The Myconet, Part 35

Deciding to at least think about things a bit – I was already months too late, after all, so what was the rush? – I strolled into the huge carpark-hall of wood-panelled walls and laminated doors. Fluorescent lamp held high in one hand and my precious, obscurely horrible lunchbox-case under my other arm, I looked around for anything that might provide me with a clue of any sort. Or anything that might give me a clue as to what a clue might even look like.

I crossed to one of the doors, and opened it.

I had no intention of stepping through just yet, but felt that my previous excursions had been a little slapdash in regards to proper scientific experimentation and observation. The first time I’d been entirely in the dark, basically stumbling into the opening doorway and finding myself emerging from Colonel McOldentimes’s cupboard. The second time, I seemed to recall I’d managed to register light before hurrying through to stagger out of the UTILITIES 3 fuse box cabinet. It was evident that stepping out was a one-way process, because as soon as I’d turned around I’d found myself faced with a completely innocuous article of storage infrastructure.

In neither case, however, had I really hung around to see whether just opening the door, looking out and then closing it again was possible.

I tried to tell myself that I’d been in a hurry. That it hadn’t really been my fault. Something about the cellar-space – its very unpleasantness, perhaps, but maybe something deeper and more fundamentally rooted in my dimensional sense of self – made it easier to just get out of there than it was to perform any sort of research. It was, I thought, most likely akin to the way locals viewed – or more accurately ignored – time travellers. Even now, with absolutely no idea where or when in the world I would be blindly stepping, a large fraction of my instincts were telling me to just go for it because it couldn’t be worse than this gloomy hole in the ground.

Well, not this time.

I peered at the murky rectangle revealed by the swinging door. I raised my torch, holding it right on the threshold of the doorway while being careful not to actually cross it for fear the one-way nature of the phenomenon would ensnare me, but it didn’t seem to illuminate anything. It was decidedly strange. On this side, the carpark-like basement was quite well-lit by the neon tube, especially as my eyes adjusted. I was tempted to theorise that the one-way travel physics of the thing meant that light couldn’t come through the other way, but that wasn’t quite the case. On my side of the door, the torch illuminated a rough circle of floor and random walls-and-doors to a radius of maybe fifty feet. On the other side of the doorway, slightly-rough grey grit was illuminated in a semicircle the width of the doorway itself … and that was about it.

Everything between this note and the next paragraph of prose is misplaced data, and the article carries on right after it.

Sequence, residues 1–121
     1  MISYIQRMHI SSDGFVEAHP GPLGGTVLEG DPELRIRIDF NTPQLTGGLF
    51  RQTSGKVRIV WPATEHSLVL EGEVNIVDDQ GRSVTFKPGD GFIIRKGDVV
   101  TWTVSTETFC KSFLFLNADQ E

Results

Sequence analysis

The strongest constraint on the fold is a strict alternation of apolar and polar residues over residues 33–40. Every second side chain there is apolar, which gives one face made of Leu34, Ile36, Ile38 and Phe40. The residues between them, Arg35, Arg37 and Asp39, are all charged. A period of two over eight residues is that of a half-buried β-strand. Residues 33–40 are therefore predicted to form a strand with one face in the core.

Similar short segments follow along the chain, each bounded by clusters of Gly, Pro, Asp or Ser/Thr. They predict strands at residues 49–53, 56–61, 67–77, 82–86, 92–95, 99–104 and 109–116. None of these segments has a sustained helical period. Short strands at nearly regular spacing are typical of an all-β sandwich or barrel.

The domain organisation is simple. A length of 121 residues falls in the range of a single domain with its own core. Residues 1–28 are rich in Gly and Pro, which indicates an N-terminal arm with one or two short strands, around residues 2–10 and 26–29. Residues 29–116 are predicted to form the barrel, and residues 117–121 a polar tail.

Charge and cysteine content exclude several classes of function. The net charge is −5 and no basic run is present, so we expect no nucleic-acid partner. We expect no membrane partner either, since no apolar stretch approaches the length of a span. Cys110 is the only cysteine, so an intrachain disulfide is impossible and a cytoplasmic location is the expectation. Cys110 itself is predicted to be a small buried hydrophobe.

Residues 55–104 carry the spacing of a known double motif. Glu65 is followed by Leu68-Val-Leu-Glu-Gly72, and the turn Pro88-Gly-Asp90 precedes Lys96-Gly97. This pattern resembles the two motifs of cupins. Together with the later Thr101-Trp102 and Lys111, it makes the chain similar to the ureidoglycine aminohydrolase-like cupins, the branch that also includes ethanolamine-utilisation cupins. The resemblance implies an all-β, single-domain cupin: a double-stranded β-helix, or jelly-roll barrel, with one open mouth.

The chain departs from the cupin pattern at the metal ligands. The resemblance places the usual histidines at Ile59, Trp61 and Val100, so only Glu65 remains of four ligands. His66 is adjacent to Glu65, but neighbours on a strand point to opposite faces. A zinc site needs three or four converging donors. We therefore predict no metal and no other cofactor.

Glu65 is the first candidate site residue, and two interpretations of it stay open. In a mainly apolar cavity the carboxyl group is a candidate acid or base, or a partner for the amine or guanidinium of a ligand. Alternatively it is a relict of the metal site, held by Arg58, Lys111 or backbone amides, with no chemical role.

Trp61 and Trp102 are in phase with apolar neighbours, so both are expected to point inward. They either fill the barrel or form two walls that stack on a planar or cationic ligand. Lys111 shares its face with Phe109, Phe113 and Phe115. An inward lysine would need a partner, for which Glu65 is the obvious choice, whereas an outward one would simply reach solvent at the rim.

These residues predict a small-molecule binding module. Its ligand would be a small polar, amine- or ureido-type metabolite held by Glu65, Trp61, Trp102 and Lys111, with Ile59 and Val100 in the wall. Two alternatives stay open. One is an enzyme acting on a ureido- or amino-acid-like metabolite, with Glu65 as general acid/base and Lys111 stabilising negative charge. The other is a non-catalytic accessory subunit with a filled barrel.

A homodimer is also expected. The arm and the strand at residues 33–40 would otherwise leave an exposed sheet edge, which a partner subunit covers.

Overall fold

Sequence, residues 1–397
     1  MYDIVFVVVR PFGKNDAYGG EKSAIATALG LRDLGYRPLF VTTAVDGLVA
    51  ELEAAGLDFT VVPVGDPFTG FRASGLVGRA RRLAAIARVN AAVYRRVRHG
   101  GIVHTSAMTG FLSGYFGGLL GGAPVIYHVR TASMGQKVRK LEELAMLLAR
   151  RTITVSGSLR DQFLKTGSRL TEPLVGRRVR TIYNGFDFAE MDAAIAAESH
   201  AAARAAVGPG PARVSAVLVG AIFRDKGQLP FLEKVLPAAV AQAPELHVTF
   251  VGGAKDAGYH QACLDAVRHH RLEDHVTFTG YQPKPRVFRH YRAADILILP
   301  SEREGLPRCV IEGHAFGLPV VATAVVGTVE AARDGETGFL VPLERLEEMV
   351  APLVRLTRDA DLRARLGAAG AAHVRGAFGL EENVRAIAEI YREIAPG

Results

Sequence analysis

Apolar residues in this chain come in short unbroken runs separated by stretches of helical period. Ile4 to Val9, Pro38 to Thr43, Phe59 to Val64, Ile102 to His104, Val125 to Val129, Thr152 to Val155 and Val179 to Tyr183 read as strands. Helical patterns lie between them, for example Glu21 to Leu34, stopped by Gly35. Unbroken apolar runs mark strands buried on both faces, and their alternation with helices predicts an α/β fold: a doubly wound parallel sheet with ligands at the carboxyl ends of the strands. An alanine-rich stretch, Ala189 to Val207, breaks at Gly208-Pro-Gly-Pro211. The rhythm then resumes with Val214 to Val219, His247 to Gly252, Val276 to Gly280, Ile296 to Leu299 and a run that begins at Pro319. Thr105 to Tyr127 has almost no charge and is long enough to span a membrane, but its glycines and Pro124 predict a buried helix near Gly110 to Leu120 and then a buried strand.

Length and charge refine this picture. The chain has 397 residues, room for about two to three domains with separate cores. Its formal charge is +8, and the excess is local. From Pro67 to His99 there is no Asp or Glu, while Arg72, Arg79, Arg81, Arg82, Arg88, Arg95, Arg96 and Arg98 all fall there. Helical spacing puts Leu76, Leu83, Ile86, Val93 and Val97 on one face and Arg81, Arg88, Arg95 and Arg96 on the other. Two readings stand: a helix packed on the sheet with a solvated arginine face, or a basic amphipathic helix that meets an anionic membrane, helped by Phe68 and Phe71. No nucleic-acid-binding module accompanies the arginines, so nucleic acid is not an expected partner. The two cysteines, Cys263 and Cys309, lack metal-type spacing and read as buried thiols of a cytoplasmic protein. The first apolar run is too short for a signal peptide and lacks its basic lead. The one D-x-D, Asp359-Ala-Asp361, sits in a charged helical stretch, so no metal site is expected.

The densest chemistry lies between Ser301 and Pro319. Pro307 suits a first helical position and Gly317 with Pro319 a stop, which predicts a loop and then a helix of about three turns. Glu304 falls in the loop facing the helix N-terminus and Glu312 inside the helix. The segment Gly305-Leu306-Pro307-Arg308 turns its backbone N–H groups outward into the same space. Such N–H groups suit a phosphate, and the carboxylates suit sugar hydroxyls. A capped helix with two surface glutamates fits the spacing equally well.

Shaking my head, I closed the door and wandered over to another one.

This one, too, was too dark for me to see what I would be stepping into, although the semicircle of floor was some sort of faded linoleum. I tried switching my torch off, plunging the cellar back into darkness, but nothing filtered through from the far side of the door. I switched the torch back on, putting a stop to a surprisingly intense creeping feeling between my shoulder blades just as it was beginning to gather momentum. The instant I’d turned the light out, I’d become certain something was sneaking up on me in the dark.

I crossed to another door, clenched my jaw and switched the torch off, then opened the door. There was still no light, although a puff of warm and slightly-fetid air hit my face as though I’d just opened a door into the lair of some sort of huge animal that had just belched. I stepped sharply back, switched on the torch, and peered into the black rectangle. Again, nothing.

Acknowledging that this was some of the hastiest and least-scientific work I had performed since Creepy’s insistence that I attempt to duplicate his curry recipe using the scientific method as a means of proving a) that some things simply could not be answered by science alone and b) that he’d slipped laxatives into my share when he’d made the original serving, I cast a final disgruntled look around at the floor. There were still plenty of tracks and prints, but they told me nothing. I crossed to another door, grasped the knob … and found that it was locked.

This, at least, was new – although it was once again a fairly unhelpful kind of new. Mildly inspired, I tested five more doors. One of them was locked, three of them opened on unilluminatable floorspaces of various textures, and one fell out of the wall altogether, frame and all. It fell into the cellar as I sidestepped hurriedly, bringing a cascade of plank-bits and grit with it as it fell. There was nothing behind it except for a gravelly surface of crumbled concrete.

Sighing, I was about to go back to one of the doors closer to the trapdoor and just go through regardless, when I saw something up ahead, in the liminal space on the edge of the torch’s light. Something that didn’t match the verticals and horizontals of the walls-and-doors layout of the place.

It was another sharp diagonal. Another set of ladder-stairs.

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